Susie had a secret. At 55 years of age she was terrified of heights. In recent years, Susie had gone out of her way to avoid high-rise buildings. Amongst city buildings, Susie had overwhelming feelings of claustrophobia combined with head spins and faintness.
Because of her fear, which was a secret to everyone except her husband, Susie’s world decreased in size and her enjoyment of life diminished. Susie’s children had left home ,and her husband was increasingly frustrated with her irrational fear of heights and its impact on their life together.
Nine year old Lucy had a different problem. She was extremely shy and rarely spoke outside of the home, terrified that she would do the wrong thing or make a fool of herself. She hated to speak in front of her class and was often sick on speech days. In the school yard she was usually alone, afraid to join in with other children. Her parents were deeply concerned about her well being.
Problem’s like Susie’s and Lucy’s are common and thankfully, are quite easy to address. Fear, worry, and anxiety can take many forms. Research suggests that at least 1 in 10 Australians experience clinical levels of anxiety in their lifetime.
Symptoms of Anxiety
First, anxiety presents in the thought processes and centres on some type of perceived danger or threat. Second, anxiety is experienced physically in the body through the “fight or flight” response, such as rapid heartbeat, stomach pain, headache, tiredness, etc. Third, anxiety affects the person’s behaviour. Susie avoided places with high rise buildings and Lucy avoided interacting with other children.
Sadly, anxiety affects relationships, social and emotional wellbeing, academic and work performance. Anxiety may also increase the risk of depression and substance addiction.
What causes anxiety?
Some of the most common causes of anxiety include:
It is often possible to identify a close relative with elevated levels of anxiety. Research has shown that parents who experience anxiety tend to pass on a general personality that is more emotionally sensitive (Rapee et al., 2008). Anxious children tend to have a personality that is more emotional than the average. While they may be more caring, they may also worry more.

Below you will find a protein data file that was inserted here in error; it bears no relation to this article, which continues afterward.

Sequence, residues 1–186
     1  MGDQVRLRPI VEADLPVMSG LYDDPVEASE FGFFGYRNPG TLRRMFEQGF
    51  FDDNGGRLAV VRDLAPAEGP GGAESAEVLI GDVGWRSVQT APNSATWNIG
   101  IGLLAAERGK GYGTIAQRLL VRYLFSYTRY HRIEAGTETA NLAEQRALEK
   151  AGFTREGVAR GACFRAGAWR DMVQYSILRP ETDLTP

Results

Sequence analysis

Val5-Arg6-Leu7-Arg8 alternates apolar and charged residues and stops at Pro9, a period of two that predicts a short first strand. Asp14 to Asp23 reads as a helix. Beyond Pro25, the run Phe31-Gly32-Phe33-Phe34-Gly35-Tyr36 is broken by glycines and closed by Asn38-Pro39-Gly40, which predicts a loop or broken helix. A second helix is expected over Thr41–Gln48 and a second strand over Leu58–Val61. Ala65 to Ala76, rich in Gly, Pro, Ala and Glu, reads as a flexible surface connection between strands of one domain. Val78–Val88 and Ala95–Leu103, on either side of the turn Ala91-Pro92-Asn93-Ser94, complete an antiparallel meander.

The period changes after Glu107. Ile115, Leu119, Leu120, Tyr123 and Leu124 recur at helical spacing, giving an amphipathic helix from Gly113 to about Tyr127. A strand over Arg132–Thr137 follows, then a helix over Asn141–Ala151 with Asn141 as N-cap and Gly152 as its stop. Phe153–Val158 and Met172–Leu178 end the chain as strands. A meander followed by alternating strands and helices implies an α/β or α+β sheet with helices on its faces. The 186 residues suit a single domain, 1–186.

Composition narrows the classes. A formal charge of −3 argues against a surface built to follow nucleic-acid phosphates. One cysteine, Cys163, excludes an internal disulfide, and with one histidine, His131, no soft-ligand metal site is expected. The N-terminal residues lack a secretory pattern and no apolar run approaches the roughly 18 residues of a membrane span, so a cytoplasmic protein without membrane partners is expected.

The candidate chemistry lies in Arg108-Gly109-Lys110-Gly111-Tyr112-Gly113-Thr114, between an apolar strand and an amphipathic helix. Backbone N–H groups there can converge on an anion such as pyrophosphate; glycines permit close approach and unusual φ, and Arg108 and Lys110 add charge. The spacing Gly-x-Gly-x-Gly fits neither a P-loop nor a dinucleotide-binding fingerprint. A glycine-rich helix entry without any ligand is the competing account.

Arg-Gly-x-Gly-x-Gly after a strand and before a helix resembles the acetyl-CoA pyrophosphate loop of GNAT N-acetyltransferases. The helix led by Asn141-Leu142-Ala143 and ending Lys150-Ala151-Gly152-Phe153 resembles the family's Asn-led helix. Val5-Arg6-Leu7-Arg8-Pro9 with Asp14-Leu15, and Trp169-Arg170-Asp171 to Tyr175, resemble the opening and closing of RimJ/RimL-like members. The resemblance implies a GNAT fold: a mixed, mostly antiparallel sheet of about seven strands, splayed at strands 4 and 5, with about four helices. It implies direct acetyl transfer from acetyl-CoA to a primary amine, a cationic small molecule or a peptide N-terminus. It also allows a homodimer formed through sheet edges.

People with anxiety often focus their attention on the potential danger in a given situation; “I will be embarrassed,” or “my parents will die if I am not with them.” This way of thinking keeps anxiety alive.
Anxious people avoid ‘feared’ situations. This may be obvious, like not wanting to go to school, or less obvious, like working extra hard to avoid mistakes. Avoidance keeps the negative thoughts real because they remain unchallenged.
When anxious parents cope by avoiding certain situations, the child may learn to handle their fears in the same manner.
Life stressors such as being bullied, sickness, or parental separation may trigger anxiety in some children.
How can therapy help?
Cognitive Behavioral Therapy (CBT) is typically a time-limited approach and is based on the idea that our thoughts, not external things (like people, situations, and events), cause our feelings and behaviors.
Thus, we can change the way we think in order to feel or act better, even if the situation does not change. There is empirical evidence that CBT is effective for the treatment of a variety of problems, including anxiety. Therapy gradually teaches the person to confront their fears and learn through experience that they cannot believe everything that their worried brain tells them.
¬© Claytontherapy 2016
How do I find out more?
If you or a family member are experiencing symptoms of anxiety and cannot resolve it alone, consider contacting RWA Psychology to seek professional help. Additional resources are also available at Beyond Blue, SANE Australia, Kids Matter, Anxiety Australia, and Lifeline.